At tea the hosts were 70 for three in pursuit of 192, with a 1-1 series draw the carrot dangling in front of them.
But on a pitch that has favoured bowlers throughout, England were buoyed by Stuart Broad’s dismissal of Marlon Samuels late in the afternoon session.
Chris Jordan had earlier played a part in removing both openers, trapping Shai Hope lbw and snaffling Kraigg Brathwaite with another memorable catch off Moeen Ali.
The West Indies had earlier set up the game by dismissing the tourists for 123, taking the final five wickets for 84 runs before lunch.
After surviving one awkward over before the break, Brathwaite and debutant Hope made a useful opening stand of 35.
Brathwaite (25) did most of the scoring through relatively safe strokes but Hope was dropped on four when Broad drew him into the drive. The chance flew to Joe Root at wide third slip but he could not cling on, diving to his left.
More worryingly for England, they then burned both of their DRS reviews in the space of 11 balls.
A sceptical Alastair Cook was persuaded by Jonathan Trott to refer a caught behind decision against Brathwaite, but it was a misguided intervention.
Jordan was then certain he had Hope lbw but umpire Billy Bowden was unmoved and his verdict was upheld by a small margin. But Jordan was not to be deterred, playing a key role as both openers fell with the score on 35.
First he trapped Hope lbw in front of leg stump then, four balls later, he produced his fourth superb one-handed catch of the series.
Moeen found Brathwaite’s edge with his fifth ball before Jordan pulled off his party piece, transferring his weight in the wrong direction at slip before throwing out his left hand to snatch the ball out of the air.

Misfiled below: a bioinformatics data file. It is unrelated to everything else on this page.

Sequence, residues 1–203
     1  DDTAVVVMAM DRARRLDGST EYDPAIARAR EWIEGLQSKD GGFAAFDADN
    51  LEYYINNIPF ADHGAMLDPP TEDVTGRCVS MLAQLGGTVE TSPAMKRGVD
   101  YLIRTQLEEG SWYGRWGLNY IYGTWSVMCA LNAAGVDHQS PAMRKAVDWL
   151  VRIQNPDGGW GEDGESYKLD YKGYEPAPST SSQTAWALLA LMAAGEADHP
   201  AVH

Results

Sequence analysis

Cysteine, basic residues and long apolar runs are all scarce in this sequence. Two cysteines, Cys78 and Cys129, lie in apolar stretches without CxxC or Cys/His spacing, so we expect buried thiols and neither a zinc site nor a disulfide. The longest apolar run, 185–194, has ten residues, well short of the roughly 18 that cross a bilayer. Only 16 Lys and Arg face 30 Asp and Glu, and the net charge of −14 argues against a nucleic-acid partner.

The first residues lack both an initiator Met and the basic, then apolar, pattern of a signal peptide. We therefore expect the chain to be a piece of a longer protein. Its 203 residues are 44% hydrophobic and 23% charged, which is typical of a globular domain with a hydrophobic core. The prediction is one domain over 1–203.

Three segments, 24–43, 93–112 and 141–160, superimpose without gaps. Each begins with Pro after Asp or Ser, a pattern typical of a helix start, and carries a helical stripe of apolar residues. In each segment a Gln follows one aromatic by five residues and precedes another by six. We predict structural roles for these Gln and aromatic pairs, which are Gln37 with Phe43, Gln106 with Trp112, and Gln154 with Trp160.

Samuels and Darren Bravo halted the surge, seeing out Jordan’s disciplined spell and making sure not to miss out when Moeen dropped short.
The pair put on 35 before Broad and Root dried up the runs with 22 consecutive dot balls.
The 23rd brought the wicket, Broad upping his pace and slanting one through Samuels’ defence and into the stumps.
England had resumed on a fragile overnight score of 39 for five and added 23 more runs before Gary Ballance pushed at Veerasammy Permaul’s second ball of the morning.
Ben Stokes and Jos Buttler then put on 33 at a damaging rate of more than four an over.
Had they been allowed to continue picking gaps in the field they could have taken the game away but Stokes gave it away on 32, advancing to Permaul and popping a leading edge to extra cover. Buttler, who got off the mark with a crunching six, was in need of further support but Jason Holder conjured a dramatic double strike to leave England 98 for nine.
Jordan was first to fall, on the wrong side of a fractional lbw decision and Bowden’s crooked trigger finger.
But there was no doubt about Holder’s next ball, a vicious yorker that caught Broad cold and ripped out off stump.
James Anderson survived the hat-trick ball and kept Buttler company in a valuable partnership worth 25.
Buttler was going through the gears, taking Shannon Gabriel for four and a steepling six to reach 35, but left his partner at the mercy of the returning Taylor.
The seamer needed just one ball to win the battle, going full and fast and winning an lbw on review following another curious Bowden decision.